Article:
Loading presentation...

Present Remotely

Send the link below via email or IM

Copy

Present to your audience

Start remote presentation

  • Invited audience members will follow you as you navigate and present
  • People invited to a presentation do not need a Prezi account
  • This link expires 10 minutes after you close the presentation
  • A maximum of 30 users can follow your presentation
  • Learn more about this feature in our knowledge base article

Do you really want to delete this prezi?

Neither you, nor the coeditors you shared it with will be able to recover it again.

DeleteCancel

Make your likes visible on Facebook?

Connect your Facebook account to Prezi and let your likes appear on your timeline.
You can change this under Settings & Account at any time.

No, thanks

Find Your Way Through Arc Signs

No description
by

Fatama Zohra

on 10 June 2014

Comments (0)

Please log in to add your comment.

Report abuse

Transcript of Find Your Way Through Arc Signs

The Quest of
Arc Signs

So you're lost in this odd world of numbers and letters...What's it called again? I hear some people call it mathematics.
In the world of mathematics, there are many things to ponder about, but one subject forgotten by many is the subject of arc length.
You right there! I assume that you are bright enough to remember arc length and if it escapes you, wise enough to refresh your memory on this topic. Up for the quest?
On this quest, you will learn how to find the arc length and if you succeed, you get to escape this part of the mathematics world (only for awhile).
To begin, you'll want to know some definitions.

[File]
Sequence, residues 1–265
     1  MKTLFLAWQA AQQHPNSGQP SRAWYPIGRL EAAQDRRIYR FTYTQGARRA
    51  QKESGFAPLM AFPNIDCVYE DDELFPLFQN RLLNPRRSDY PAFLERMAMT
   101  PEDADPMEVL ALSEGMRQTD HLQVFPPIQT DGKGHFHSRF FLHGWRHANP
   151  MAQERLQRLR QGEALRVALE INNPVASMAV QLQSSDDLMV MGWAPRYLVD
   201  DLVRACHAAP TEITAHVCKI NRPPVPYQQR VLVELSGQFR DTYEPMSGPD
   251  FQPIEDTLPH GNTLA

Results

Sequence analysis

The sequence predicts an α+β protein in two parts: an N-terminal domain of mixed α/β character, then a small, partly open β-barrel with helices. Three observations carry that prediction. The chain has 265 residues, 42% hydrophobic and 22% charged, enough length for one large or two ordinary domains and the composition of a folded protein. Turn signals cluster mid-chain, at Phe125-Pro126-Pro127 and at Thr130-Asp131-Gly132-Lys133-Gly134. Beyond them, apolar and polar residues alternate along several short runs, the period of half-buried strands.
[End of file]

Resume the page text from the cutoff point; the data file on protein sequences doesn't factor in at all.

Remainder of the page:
Start here

Tangent:
A straight line or plane that touches a curve or curved surface at a point, but if extended does not cross it at that point (meaning intersect it).
Radius:

A straight line from the center to the circumference of a circle or sphere.
Diameter:

a straight line passing from side to side through the center of a body or figure, especially a circle or sphere.

Circumference is the distance around a circle.
Chord:
a chord is a line segment joining two points on any curve (a non extended secant).
Secant:
a straight line that cuts through a curve two times.

Tip: Remember this by the saying: "She can't" have just one pair of shoes, she needs two.
Finally...

Arc:
A portion of the circle which is between two radii.



Can you label the parts of a circle?
Answer:
There are a couple more definitions, but we'll go through them along the way. The two for now will be major arc and minor arc.


Major arc: the arc that goes around a larger portion of the circumference.

Minor arc: the arc that goes around a smaller portion of the circumference

Check this website out:
http://www.mathsisfun.com/definitions/major-arc.html
Central Angle:
is an angle vertex is the center of a circle and whose legs (sides) are radii intersecting the circle in two distinct points
There is a relationship between arc length and the central angle.

Arc lenght central angle
=
Circumference 360 degrees
Radian: is an a unit of angle, equal to an angle at the center of a circle whose arc is equal in length to the radius. Arc length of a circle: arc lenght = theta(R) s=theta(R)
Arc lenght of a circle:
arc lenght= theta (x) ( pi/180 x r)
r= radius
The relationship between Degrees and Radian :
Let us try an example:
Convert 200° into radian measure:

Answer:
200 degrees x π/180degrees=10π/9 radians =3.49 radians
But that was only the geometry part of arc signs...
Now for the algebra two part of arc signs.
More Questions:
1. Convert 50 degrees to radians
2. Convert π/6 to degrees
3.How long is the arc subtended by an angle of radians on a circle of radius 20 cm?
Radian Measure of a central angle of a circle :

theta= s/r = length of subtended arc/ radius

subtend=opposite arc
Some Formulas
;
Answers:
1. 50 degrees(π/180)=
50 degrees (5π/ 180)=
5π/18

2. π/6 (180/π)=
(180/6)= 30 degrees
3. S=theta(r) = (7π/4)(20)=
35π= 109.956 cm
Now, look at that! We have come to the end of our quest. If you feel as though you haven't fully mastered the topic, why not take the quest over again? There are also a ton of great videos on Khan Academy.com and questions on Regentsprep.org (from where I got my questions). Thank you for going on this quest with me, may you flourish mathematically.
Full transcript